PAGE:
"Yeah, [he was] just up in the zone," Flowers said after the game. "He was kind of having a hard time even warming up just getting that feel of whatever pitchers do to get it down. He had it some in the bullpen, but then a couple of them were up.
"We knew it would be a battle to get him to stay on top and be down in the zone. Eventually he got it, pretty much after the first inning."
As for that first inning? Pretty much nothing went right for Noesi and the White Sox in the first seven batters faced.
Noesi allowed a single, triple, walk and homer all before recording an out. And following a Matt Dominguez groundout, there was another single and another walk.
Yet, the right-hander limited that first-inning damage to four runs and gave the White Sox a chance over his next five-plus innings of work. Noesi said after the loss, which dropped him to 0-9 over his last 11 starts overall, that the adjustment was about staying closed upon delivery.
"I feel like my head was going back every time I went to home plate, but after that I figured it out and I just tried to be better than what was the first inning," Noesi said. "It wasn't good, the first inning."
"He stubbed his toe coming out of that first inning," said White Sox manager Robin Ventura of Noesi. "Guys were on, swinging the bat, all that stuff. After that, he composed himself and really battled and got us to a point where we at least had a shot at it. He pitched well after that first inning."
Jose Altuve singled to open the game, followed by George Springer's triple to center, the walk to Dexter Fowler and Jason Castro's three-run blast to right. But that run total held up until the fifth, when Fowler opened the inning with a line drive homer to left.
Moises Sierra actually bailed the White Sox out of greater first-inning trouble with a diving catch down the right-field line on a Marwin Gonzalez pop fly with runners on second and third. The White Sox seemed to build off of that moment and scored twice in the second against Houston starter Jarred Cosart.
Cosart walked three in the frame and yielded runs on sacrifice flies from Alexei Ramirez and Sierra. The damage could have been worse, but Alejandro De Aza was caught trying to advance from second to third on Sierra's lineout to right.
Instead of having runners on first and second and two outs for Gordon Beckham -- who has hit safely in 11 of his last 12 games -- the inning was over.
"That's just bad baserunning," Ventura said of De Aza. "You can't ever make the third out at third base."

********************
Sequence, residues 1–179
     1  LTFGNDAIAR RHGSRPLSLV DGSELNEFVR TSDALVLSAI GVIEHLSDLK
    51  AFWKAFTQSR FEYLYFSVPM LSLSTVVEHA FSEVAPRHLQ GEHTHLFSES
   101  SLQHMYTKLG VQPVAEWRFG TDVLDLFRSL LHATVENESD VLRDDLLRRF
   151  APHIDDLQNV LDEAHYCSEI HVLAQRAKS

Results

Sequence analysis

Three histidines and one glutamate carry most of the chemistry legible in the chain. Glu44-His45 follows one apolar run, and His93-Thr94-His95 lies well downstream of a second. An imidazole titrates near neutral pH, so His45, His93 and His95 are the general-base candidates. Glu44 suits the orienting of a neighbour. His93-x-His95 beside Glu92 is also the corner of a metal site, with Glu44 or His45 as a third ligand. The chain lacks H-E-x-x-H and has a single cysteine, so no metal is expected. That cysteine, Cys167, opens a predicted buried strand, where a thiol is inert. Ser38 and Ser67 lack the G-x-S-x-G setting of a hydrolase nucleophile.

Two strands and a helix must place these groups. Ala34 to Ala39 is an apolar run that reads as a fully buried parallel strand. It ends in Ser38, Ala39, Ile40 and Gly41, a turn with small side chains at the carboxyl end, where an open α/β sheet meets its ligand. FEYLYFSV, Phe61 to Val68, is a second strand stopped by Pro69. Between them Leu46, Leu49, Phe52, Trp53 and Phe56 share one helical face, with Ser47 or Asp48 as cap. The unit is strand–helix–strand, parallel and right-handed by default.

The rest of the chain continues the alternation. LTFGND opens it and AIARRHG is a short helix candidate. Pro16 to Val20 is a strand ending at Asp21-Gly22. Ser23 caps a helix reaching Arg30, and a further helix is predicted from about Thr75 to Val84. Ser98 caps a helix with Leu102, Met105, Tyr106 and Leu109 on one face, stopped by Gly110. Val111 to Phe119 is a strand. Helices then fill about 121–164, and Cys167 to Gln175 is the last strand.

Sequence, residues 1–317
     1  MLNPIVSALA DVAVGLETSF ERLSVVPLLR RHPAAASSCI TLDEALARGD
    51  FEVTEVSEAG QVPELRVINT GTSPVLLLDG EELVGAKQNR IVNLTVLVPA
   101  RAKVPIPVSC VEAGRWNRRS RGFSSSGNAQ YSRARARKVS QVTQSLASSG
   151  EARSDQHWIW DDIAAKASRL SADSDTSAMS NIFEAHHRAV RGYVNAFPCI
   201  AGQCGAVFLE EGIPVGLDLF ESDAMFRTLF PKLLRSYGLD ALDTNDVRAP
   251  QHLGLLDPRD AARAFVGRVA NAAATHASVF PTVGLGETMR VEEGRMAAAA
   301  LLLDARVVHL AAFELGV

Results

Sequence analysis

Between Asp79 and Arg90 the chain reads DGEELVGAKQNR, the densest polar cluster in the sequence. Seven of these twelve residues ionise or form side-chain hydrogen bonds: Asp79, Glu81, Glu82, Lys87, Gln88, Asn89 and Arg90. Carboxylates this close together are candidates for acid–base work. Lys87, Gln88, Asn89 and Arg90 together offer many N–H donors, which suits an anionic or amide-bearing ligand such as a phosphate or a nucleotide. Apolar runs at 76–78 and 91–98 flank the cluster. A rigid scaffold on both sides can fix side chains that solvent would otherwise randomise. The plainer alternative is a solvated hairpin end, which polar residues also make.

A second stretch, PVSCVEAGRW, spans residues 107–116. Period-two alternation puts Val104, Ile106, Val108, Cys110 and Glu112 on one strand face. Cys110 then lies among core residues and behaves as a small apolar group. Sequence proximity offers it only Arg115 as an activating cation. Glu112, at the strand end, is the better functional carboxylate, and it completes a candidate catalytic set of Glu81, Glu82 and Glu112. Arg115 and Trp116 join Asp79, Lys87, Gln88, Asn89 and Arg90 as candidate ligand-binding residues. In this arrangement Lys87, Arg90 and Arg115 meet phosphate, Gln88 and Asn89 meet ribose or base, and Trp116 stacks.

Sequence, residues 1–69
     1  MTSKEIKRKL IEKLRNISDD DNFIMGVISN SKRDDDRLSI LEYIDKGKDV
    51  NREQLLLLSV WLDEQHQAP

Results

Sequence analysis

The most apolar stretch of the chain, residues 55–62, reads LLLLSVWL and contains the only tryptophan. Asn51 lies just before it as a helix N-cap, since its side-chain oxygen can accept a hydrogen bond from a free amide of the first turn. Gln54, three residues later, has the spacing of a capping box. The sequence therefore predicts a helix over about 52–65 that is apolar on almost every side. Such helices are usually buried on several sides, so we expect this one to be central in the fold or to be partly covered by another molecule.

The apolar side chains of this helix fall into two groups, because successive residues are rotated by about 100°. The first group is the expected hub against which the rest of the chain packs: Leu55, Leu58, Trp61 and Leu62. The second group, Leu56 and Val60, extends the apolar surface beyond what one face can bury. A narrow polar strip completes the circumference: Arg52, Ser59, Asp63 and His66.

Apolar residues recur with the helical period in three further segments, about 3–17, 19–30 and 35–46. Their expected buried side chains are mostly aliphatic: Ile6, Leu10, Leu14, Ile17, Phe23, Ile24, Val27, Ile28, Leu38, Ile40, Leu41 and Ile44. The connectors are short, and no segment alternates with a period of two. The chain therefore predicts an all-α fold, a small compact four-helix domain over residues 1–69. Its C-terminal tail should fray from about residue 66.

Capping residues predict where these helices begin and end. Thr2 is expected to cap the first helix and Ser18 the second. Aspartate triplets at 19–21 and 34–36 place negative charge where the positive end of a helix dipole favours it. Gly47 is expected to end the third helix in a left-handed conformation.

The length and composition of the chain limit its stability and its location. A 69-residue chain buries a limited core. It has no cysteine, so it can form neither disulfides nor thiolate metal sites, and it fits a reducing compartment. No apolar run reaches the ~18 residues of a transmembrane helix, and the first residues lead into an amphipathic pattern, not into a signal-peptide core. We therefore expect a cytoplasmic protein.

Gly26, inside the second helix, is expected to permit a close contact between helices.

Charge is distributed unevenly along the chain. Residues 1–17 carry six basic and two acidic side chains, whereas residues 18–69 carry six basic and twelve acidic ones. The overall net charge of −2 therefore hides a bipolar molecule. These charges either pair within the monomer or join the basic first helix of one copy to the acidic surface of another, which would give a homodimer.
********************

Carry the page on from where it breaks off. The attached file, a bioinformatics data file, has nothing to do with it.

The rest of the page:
The White Sox put two on with two outs in the fifth, courtesy of singles from Dayan Viciedo and Adam Dunn, but Cosart retired Ramirez on a pop up to qualify for the victory. He lasted just five, giving up three runs, with Beckham scoring on Jose Abreu's groundout in the third.
"Obviously, I battled," Cosart said. "That's our job, to try and keep the team [in it] for as many innings as we can. I didn't have the six, seven, eight like I want, but getting through that fifth was huge, and for [Houston manager] Bo [Porter] to have confidence to leave me out there for that last batter was big."
Abreu, who has been limping for the first two games of this series due to ongoing soreness in his left ankle, was pinch-hit for by Paul Konerko in the seventh inning. Ventura noticed something off with Abreu during an at-bat in the fifth, and Abreu said there was more pain in the ankle on Saturday than Friday. He will be re-evaluated prior to Sunday's series finale.
Kyle Farnsworth gave up two runs in the eighth during an ineffective Astros debut, with De Aza's sacrifice fly and Beckham's two-out single scoring one each. But after Farnsworth walked the No. 9 hitter in Sierra, Darin Downs came in and retired Conor Gillaspie on a foul pop up to end the threat.
Chad Qualls pitched a perfect ninth for his third save, which included a matchup with Konerko to start the frame that evoked memories of Konerko's grand slam off the hurler in Game 2 of the 2005 World Series. Ultimately on Saturday, that first inning hole was too much for the White Sox to overcome.
With Chris Sale due back from his rehab assignment for a strained flexor muscle in his left arm within the next week to 10 days, Noesi didn't completely help his cause to stay in the rotation. But he certainly didn't hurt it either by giving up five earned runs over six-plus innings and 109 pitches, while striking out six.
"A lot of people fold up in that situation and want to get out of the game," Flowers said. "Whatever the fix was, he stuck with that and started executing pitches."